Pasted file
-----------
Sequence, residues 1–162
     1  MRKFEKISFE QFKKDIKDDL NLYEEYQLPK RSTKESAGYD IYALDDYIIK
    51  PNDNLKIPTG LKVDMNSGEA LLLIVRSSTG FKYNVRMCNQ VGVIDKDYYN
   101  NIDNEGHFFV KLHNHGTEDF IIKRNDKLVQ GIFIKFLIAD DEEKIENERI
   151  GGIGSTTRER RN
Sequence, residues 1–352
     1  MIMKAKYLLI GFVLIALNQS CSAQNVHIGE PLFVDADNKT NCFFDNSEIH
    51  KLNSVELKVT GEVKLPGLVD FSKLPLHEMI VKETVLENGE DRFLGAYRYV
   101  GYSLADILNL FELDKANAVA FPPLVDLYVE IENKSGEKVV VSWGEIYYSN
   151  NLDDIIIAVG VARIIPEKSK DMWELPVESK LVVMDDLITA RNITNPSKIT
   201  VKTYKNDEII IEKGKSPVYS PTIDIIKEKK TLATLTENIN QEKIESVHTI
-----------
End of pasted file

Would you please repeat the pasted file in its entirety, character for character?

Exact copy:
Sequence, residues 1–162
     1  MRKFEKISFE QFKKDIKDDL NLYEEYQLPK RSTKESAGYD IYALDDYIIK
    51  PNDNLKIPTG LKVDMNSGEA LLLIVRSSTG FKYNVRMCNQ VGVIDKDYYN
   101  NIDNEGHFFV KLHNHGTEDF IIKRNDKLVQ GIFIKFLIAD DEEKIENERI
   151  GGIGSTTRER RN
Sequence, residues 1–352
     1  MIMKAKYLLI GFVLIALNQS CSAQNVHIGE PLFVDADNKT NCFFDNSEIH
    51  KLNSVELKVT GEVKLPGLVD FSKLPLHEMI VKETVLENGE DRFLGAYRYV
   101  GYSLADILNL FELDKANAVA FPPLVDLYVE IENKSGEKVV VSWGEIYYSN
   151  NLDDIIIAVG VARIIPEKSK DMWELPVESK LVVMDDLITA RNITNPSKIT
   201  VKTYKNDEII IEKGKSPVYS PTIDIIKEKK TLATLTENIN QEKIESVHTI